Thursday, August 06, 2009

Poll:"Mallahan gains on Nickels in Seattle mayor's race"

Joel Connelly (Strange Bedfellows):
Seattle Mayor Greg Nickels' lead has fallen from 12 to just 3 points in the latest KING 5 news poll, with T-Mobile executive Joe Mallahan picking up support from over-65 voters, independents and Republicans.
It is Mallahan's second piece of good news this week: The business executive and Obama campaign veteran placed second behind Nickels in The Washington Poll, 12 points behind the incumbent.

But the KING survey shows Mallahan moving much closer to the mayor.

In a possible response, the Nickels campaign has put another $47,000 into cable TV advertising in the last weekend before Aug. 18, the deadline date for voters to mail in their ballots.

The latest KING poll figures put Nickels at 22 percent, Mallahan at 19 percent, Sierra Club activist Mike McGinn at 15 percent, ex-Seattle SuperSonic James Donaldson at 11 percent, with Councilwoman Jan Drago trailing at 7 percent.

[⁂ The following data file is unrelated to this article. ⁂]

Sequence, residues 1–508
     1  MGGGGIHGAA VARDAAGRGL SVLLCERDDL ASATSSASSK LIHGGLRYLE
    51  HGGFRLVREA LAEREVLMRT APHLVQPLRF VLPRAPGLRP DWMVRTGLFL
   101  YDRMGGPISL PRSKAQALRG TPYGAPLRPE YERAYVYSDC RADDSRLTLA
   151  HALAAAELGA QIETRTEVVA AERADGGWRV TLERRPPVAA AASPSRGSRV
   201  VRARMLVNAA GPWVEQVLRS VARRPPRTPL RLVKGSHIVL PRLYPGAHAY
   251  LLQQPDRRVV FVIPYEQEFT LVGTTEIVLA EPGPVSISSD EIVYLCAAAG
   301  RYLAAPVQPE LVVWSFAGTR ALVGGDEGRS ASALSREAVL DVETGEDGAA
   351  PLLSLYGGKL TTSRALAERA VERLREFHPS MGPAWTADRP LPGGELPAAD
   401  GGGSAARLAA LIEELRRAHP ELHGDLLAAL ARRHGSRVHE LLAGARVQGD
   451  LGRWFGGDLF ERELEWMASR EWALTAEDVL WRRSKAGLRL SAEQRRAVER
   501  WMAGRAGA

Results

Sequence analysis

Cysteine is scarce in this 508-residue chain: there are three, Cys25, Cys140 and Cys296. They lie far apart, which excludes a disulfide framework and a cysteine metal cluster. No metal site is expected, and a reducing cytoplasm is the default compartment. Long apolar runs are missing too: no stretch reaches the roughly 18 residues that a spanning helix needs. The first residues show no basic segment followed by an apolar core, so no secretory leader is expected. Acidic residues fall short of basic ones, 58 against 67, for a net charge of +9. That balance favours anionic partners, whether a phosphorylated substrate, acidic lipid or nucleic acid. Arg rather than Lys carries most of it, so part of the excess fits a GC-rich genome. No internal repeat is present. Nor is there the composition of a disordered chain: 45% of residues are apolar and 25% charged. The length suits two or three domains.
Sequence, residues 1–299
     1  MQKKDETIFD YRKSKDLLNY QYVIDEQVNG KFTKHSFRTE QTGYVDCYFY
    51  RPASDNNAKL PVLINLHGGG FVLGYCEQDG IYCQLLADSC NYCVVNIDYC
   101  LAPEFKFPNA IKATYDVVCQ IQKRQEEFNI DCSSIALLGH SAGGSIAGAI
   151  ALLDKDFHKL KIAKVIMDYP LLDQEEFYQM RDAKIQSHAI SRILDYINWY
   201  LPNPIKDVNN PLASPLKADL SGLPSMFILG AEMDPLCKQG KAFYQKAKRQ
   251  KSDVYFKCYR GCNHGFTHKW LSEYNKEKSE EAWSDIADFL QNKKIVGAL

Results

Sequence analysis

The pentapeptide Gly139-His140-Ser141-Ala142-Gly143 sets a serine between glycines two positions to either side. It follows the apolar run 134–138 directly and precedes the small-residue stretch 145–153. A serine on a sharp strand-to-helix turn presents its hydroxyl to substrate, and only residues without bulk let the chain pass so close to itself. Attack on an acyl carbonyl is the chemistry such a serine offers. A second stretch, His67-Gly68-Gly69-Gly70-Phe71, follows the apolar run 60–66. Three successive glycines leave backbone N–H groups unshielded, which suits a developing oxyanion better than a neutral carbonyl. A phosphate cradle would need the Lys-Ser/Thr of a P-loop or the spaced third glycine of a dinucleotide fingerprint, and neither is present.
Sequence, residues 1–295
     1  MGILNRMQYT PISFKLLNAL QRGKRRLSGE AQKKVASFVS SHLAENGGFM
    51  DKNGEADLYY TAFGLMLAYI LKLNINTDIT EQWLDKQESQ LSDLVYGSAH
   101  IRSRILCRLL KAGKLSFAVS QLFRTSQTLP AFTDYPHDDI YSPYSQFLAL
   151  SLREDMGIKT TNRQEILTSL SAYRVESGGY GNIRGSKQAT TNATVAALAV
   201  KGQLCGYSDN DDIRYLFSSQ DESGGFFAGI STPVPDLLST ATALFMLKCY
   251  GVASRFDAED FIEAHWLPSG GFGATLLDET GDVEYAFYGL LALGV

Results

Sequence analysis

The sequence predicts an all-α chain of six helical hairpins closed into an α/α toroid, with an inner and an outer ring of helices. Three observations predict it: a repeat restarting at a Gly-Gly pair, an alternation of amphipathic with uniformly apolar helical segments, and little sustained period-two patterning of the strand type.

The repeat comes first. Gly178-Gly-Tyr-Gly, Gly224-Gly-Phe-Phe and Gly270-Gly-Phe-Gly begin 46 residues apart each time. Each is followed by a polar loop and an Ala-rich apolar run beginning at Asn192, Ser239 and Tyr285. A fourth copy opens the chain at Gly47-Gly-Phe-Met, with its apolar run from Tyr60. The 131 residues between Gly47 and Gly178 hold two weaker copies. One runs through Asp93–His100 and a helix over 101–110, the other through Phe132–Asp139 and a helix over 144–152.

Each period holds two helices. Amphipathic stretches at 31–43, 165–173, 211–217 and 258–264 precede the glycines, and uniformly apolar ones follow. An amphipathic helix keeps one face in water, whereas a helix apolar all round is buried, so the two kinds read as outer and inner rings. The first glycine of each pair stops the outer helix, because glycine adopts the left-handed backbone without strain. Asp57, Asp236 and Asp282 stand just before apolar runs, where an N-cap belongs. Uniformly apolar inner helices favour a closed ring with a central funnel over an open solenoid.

The latest survey shows a smaller - but still sizable - block of undecided votes.

One other candidate is climbing in the latest KING survey.

Without TV advertising - with a single part-time staffer but an active volunteer campaign - McGinn has gained support from the previous poll.

The survey was, however, taken before Drago began her television campaign. The longtime councilwoman stresses her opposition to the city's 20-cent plastic bag fee. According to the KING survey, the bag fee is headed for defeat at the polls.

In the KING poll, which surveyed 579 likely voters, Nickels maintains a 10-point lead among voters identifying themselves as Democrats. But Mallahan has pulled ahead among independents and Republicans.

Mallahan is also running ahead of the incumbent among senior voters.

University of Washington political scientist Matt Barreto, overseer of The Washington Poll, predicts that over-65 voters will turn out to be a major factor in the mid-summer primary.
He notes that the vote is coming during a month when many younger voters, and families, recreate and take vacations.

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